Cytotoxic Effects during Knock Out of Multiple Porcine Endogenous Retrovirus (PERV) Sequences in the Pig Genome by Zinc Finger Nucleases (ZFN)

Authors:
Semaan M, Ivanusic D, Denner J.
In:
Source: PLoS ONE
Publication Date: (2015)
Issue: 10(4): 1-18
Research Area:
Gene Expression
Cells used in publication:
293
Species: human
Tissue Origin: kidney
Culture Media:
Platform:
Nucleofector™ I/II/2b
Experiment
PK-15 cells (ATCC CRL-33) and 293 cells (ATCC CRL-1573) were transfected with Nucleofector II by the following conditions: PK-15 cells: 1x10e6 cells/100µl Kit V program : T-023 293 cells: 1x10e6 cells/100µl Kit V program A-023 different amounts of ZFN plasmids are used
Abstract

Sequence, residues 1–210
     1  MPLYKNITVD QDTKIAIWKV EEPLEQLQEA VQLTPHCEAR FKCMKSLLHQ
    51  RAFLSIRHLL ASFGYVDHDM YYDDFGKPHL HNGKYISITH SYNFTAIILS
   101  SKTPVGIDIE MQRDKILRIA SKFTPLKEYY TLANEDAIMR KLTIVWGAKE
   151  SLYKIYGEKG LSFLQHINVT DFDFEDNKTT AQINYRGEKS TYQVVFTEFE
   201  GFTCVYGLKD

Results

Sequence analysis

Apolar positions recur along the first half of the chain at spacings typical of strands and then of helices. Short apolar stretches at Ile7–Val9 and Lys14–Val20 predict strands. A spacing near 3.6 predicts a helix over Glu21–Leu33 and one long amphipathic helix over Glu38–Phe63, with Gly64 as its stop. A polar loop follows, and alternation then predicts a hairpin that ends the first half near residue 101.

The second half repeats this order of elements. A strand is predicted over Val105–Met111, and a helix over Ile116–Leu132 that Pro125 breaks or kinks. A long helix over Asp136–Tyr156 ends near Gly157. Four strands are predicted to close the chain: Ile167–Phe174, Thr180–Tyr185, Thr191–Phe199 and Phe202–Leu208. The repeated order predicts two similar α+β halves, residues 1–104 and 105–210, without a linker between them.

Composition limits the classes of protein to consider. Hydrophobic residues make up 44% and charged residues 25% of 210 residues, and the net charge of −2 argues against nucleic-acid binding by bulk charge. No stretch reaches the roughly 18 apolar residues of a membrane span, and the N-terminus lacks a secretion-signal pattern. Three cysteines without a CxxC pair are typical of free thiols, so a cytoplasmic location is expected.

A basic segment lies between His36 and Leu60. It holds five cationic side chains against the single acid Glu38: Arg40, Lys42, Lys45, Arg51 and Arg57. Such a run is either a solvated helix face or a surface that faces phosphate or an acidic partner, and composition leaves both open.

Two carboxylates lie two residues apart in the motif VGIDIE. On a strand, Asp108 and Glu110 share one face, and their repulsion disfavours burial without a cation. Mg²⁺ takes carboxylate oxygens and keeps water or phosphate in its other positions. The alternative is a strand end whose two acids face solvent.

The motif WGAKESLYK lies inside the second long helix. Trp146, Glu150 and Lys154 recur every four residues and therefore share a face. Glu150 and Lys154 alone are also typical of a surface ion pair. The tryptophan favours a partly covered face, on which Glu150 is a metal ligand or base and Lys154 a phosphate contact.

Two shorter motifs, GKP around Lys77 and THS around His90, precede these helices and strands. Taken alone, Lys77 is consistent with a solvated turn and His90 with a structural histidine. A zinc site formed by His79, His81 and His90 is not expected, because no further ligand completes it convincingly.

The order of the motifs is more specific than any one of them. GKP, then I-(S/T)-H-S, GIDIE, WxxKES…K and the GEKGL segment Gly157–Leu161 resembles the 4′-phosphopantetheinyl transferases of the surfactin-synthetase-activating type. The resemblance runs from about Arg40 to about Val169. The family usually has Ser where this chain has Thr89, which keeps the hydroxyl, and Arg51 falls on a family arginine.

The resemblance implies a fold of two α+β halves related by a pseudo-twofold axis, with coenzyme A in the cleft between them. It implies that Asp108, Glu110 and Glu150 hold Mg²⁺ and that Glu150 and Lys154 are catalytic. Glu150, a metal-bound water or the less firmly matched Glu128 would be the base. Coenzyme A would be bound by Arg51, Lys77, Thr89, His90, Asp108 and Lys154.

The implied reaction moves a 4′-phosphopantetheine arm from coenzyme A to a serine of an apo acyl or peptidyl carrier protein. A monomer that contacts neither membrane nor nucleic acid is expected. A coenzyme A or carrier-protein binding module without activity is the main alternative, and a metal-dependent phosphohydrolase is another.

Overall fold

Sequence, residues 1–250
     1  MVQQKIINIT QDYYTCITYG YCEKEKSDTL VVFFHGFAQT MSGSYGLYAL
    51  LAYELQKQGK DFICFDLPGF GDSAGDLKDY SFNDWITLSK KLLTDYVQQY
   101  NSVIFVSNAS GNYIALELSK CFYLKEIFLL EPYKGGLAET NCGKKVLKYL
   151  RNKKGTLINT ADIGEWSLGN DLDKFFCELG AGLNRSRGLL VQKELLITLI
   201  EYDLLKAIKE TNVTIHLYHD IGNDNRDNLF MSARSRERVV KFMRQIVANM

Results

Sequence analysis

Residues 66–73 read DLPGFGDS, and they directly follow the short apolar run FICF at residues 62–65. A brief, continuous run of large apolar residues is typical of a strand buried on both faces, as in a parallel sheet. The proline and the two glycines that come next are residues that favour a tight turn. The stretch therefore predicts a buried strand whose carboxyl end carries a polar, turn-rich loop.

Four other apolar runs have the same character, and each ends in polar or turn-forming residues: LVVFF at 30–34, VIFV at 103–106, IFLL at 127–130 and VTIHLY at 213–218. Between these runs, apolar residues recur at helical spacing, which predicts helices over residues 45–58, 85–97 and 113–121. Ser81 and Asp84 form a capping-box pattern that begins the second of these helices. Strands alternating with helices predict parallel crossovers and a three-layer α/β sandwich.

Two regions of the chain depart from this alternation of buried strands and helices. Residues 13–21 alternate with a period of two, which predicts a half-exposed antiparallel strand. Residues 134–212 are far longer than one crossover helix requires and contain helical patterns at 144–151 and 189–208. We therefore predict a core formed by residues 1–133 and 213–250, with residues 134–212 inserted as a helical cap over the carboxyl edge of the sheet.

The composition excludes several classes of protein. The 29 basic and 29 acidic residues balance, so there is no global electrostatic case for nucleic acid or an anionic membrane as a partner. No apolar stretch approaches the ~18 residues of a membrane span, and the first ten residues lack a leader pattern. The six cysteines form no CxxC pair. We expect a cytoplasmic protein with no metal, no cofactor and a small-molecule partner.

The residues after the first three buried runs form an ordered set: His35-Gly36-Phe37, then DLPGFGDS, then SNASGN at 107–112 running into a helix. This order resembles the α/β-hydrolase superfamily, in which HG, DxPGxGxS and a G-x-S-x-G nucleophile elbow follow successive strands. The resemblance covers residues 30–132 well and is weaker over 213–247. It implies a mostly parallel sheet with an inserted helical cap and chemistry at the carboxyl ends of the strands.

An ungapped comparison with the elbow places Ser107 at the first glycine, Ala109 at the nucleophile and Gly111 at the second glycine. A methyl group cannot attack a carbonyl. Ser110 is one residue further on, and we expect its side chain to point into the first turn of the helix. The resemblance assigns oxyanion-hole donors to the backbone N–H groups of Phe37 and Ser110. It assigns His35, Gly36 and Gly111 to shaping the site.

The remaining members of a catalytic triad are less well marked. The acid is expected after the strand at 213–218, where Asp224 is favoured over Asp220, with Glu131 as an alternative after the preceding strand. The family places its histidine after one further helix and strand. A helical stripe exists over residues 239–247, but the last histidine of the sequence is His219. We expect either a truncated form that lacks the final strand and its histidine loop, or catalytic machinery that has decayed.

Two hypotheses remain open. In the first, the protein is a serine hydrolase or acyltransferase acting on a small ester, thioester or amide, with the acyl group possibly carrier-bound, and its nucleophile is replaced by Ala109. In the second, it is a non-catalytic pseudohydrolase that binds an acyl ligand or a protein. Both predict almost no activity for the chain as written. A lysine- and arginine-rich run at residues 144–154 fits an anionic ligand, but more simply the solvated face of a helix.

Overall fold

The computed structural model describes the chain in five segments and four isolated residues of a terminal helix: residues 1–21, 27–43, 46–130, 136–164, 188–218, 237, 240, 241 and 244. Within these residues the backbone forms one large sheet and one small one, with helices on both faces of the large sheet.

Xenotransplantation has been proposed as a solution to the shortage of suitable human donors for transplantation and pigs are currently favoured as donor animals. However, xenotransplantation may be associated with the transmission of zoonotic microorganisms. Whereas most porcine microorganisms representing a risk for the human recipient may be eliminated by designated pathogen free breeding, multiple copies of porcine endogenous retroviruses (PERVs) are integrated in the genome of all pigs and cannot be eliminated this way. PERVs are released as infectious particles and infect human cells. The zinc finger nuclease (ZFN) technology allows knocking out specifically cellular genes, however it was not yet used to eliminate multiple integrated proviral sequences with a strong conservation in the target sequence. To reduce the risk of horizontal PERV transmission and to knock out as many as possible proviruses, for the first time the powerful tool of the ZFN technology was used. ZFN were designed to bind specifically to sequences conserved in all known replication-competent proviruses. Expression and transport of the ZFN into the nucleus was shown by Western blot analysis, co-localisation analysis, PLA and FRET. Survival of transfected cells was analysed using fluorescent ZFN and cell counting. After transfection a strong expression of the ZFN proteins and a co-localisation of the expressed ZFN proteins were shown. However, expression of the ZFN was found to be extremely toxic for the transfected cells. The induced cytotoxicity was likely due to the specific cutting of the high copy number of the PERV proviruses, which is also commonly observed when ZFN with low specificity cleave numerous off-target sites in a genome. This is the first attempt to knock out multiple, nearly identical, genes in a cellular genome using ZFN. The attempt failed, and other strategies should be used to prevent PERV transmission.